* Certain older North Sea fields to be shielded from some
* Oil and Gas UK sees tax breaks boosting production, tax
* Talisman says Montrose project likely to go ahead after
By Sarah Young
LONDON, Sept 7 Britain will offer new tax breaks
to encourage investment in older oil and gas fields in the North
Sea as the government, under pressure to stimulate growth, moves
to revive a key part of the economy which has long been a driver
of its prosperity.
Finance minister George Osborne said on Friday that income
from some mature oil fields would be shielded from a
supplementary tax charge on producers to encourage them to
maximise the amount of oil they pump out of the ground.
A dramatic fall in Britain's oil and gas production shaved
at least half a percentage point off the country's economic
growth in 2011, a major difference for an economy that is
stagnating as businesses struggle with the gravest economic
crisis since the Great Depression.
"Finally, the government is waking up to the fact that an 18
percent year-on-year reduction in North Sea production needs to
be addressed and is back-pedaling against the recent 12 percent
tax hike," Numis analyst Sanjeev Bahl said.
In March 2011, Britain's coalition government raised a tax
on oil and gas output to 32 percent from 20 percent, a move
greeted with dire predictions by the industry.
Britain's oil and gas production, long a driver of British
wealth and boon for now dire public finances, has been in
decline since 1999.
Industry body Oil and Gas UK estimated that the tax break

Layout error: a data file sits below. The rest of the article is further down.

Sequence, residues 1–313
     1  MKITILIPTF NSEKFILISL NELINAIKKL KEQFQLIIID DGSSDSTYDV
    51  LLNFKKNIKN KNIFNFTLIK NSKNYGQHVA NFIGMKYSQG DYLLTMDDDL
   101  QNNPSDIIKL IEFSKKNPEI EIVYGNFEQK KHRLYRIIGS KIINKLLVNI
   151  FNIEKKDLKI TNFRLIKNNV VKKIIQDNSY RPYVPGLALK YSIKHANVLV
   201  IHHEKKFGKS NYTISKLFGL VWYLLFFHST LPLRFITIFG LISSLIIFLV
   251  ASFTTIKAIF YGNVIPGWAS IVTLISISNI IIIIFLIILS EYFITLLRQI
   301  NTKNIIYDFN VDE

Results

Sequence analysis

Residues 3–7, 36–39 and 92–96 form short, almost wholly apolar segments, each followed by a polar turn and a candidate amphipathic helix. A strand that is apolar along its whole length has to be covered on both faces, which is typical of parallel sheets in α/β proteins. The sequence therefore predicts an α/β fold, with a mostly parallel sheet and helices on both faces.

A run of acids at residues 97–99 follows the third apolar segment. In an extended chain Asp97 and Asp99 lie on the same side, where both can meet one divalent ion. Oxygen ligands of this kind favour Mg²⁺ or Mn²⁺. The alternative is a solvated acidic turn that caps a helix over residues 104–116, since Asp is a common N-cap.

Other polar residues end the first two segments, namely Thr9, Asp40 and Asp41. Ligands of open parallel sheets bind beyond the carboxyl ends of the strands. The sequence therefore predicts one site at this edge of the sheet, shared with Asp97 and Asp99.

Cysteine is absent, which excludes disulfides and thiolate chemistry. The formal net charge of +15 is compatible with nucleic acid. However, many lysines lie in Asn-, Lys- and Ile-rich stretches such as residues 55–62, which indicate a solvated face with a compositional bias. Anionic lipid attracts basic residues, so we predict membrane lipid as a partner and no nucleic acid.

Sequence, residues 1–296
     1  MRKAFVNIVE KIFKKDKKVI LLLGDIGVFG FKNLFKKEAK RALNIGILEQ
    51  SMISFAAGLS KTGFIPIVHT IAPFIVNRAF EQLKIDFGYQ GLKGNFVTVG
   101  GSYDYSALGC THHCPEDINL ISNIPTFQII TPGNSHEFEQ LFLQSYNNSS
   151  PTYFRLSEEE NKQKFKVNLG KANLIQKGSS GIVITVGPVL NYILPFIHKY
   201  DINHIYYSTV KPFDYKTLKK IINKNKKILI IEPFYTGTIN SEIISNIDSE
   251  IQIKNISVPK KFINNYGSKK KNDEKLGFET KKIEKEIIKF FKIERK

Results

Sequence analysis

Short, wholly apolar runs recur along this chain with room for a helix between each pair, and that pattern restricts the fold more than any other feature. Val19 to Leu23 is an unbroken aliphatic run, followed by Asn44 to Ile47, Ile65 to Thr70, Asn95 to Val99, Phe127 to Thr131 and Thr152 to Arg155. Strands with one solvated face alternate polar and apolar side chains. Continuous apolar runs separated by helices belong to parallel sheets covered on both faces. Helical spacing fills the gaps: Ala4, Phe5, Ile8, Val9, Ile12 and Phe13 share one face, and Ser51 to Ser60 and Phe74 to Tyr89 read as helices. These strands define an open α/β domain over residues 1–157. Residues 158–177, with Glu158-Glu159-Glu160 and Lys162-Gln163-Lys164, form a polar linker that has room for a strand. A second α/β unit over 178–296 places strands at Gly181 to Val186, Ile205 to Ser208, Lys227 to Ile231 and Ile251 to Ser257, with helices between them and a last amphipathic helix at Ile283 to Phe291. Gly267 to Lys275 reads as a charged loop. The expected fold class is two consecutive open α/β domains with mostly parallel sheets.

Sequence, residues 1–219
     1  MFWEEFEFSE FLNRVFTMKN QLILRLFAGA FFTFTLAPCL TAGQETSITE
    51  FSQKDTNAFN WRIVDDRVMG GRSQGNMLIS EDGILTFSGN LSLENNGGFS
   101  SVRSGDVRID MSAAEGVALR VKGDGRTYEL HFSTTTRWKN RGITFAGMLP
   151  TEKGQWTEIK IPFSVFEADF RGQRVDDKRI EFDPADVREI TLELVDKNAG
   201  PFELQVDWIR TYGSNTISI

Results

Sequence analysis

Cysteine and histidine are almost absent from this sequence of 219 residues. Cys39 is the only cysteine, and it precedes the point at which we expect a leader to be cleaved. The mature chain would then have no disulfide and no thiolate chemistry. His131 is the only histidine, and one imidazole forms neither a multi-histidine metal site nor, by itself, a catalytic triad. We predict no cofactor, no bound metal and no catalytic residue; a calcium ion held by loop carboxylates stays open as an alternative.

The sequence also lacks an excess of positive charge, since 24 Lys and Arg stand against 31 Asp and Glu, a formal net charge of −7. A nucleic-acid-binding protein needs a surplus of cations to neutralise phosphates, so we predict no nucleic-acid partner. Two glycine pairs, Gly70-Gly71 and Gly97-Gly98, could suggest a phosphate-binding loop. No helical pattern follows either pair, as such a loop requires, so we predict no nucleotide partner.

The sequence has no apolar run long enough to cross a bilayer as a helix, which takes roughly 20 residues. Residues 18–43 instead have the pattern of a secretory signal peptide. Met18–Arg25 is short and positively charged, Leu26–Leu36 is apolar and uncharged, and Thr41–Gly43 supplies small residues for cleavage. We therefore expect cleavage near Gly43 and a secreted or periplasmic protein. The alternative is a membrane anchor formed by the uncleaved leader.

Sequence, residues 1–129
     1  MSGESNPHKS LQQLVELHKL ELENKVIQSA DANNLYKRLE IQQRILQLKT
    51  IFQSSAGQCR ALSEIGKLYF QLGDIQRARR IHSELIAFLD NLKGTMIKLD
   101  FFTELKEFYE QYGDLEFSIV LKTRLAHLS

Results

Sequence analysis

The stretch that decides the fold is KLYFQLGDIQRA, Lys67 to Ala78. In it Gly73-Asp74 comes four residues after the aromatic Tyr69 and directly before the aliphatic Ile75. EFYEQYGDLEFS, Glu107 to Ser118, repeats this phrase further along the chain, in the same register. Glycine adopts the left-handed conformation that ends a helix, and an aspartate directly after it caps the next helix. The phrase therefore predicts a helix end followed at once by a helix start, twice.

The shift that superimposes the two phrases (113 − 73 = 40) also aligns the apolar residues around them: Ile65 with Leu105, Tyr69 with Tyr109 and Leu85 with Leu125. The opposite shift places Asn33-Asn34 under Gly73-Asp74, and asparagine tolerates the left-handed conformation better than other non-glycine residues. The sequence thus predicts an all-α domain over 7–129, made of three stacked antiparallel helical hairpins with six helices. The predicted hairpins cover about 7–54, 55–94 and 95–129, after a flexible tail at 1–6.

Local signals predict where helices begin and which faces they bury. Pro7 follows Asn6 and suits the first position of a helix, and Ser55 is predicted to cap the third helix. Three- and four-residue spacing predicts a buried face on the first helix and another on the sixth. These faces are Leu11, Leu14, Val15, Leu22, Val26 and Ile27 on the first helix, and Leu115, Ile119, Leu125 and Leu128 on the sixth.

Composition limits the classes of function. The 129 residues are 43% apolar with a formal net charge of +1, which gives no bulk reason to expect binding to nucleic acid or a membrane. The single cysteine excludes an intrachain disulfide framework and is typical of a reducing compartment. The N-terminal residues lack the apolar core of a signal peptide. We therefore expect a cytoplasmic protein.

would lift oil and gas recovery by 150 million barrels of oil
equivalent in the near term, a rise of 10,000 to 20,000 barrels
of oil equivalent per day in North Sea production.
In addition, the changes will boost the Treasury's revenues
by 1.5 billion pounds ($2.4 billion), estimated Oil and Gas UK,
a not insignificant figure compared to the 11.1 billion pounds
that the industry paid in production taxes in the 2011-12 fiscal
Should production stabilise or even improve, it will have a
positive impact on the UK economy at a time when Prime Minister
David Cameron and Osborne are under mounting pressure as their
flagship austerity plan fails to stimulate growth.
Canada-based Talisman, a mid-sized North Sea
producer, said the tax breaks meant it was much more likely to
go ahead with redeveloping its Montrose oil field, a project
which will involve installing new equipment to extract oil in
the areas surrounding the main field.
The tax breaks for older fields, which are often more costly
to run, are the latest measures introduced by the government
since last year's tax hike, as tries to reverse its impact and
slow the decline in North Sea production by stimulating
"This initiative will have an immediate impact in that it
will help to promote investment and sustain production from many
mature fields, enabling more oil and gas to be recovered from
them," Mike Tholen, economics director at Oil and Gas UK, the
industry body said.
Analysts said that in addition to Talisman, British oil
companies such as EnQuest, whose shares were up 2.5
percent, British-based Premier Oil, which was 0.75
percent higher, would benefit from the changes.
Talisman said it believed the Montrose project would create
or support 2,000 new jobs, echoing claims made by Osborne in his
statement that the tax break was positive for employment.
The tax allowance will shield up to 250 million pounds
($398.39 million) of income from some projects in older fields
known as brown field sites, Osborne said.
That figure rises to 500 million pounds for projects in
fields paying the petroleum revenue tax, an older tax which was
discontinued for fields sanctioned after 1993.
Projects to qualify for the tax breaks will be those given
authorisation by the government's Department of Energy and
Climate after Sept. 7 2012 to boost production, and which have a
capital cost of over 60 pounds per tonne of incremental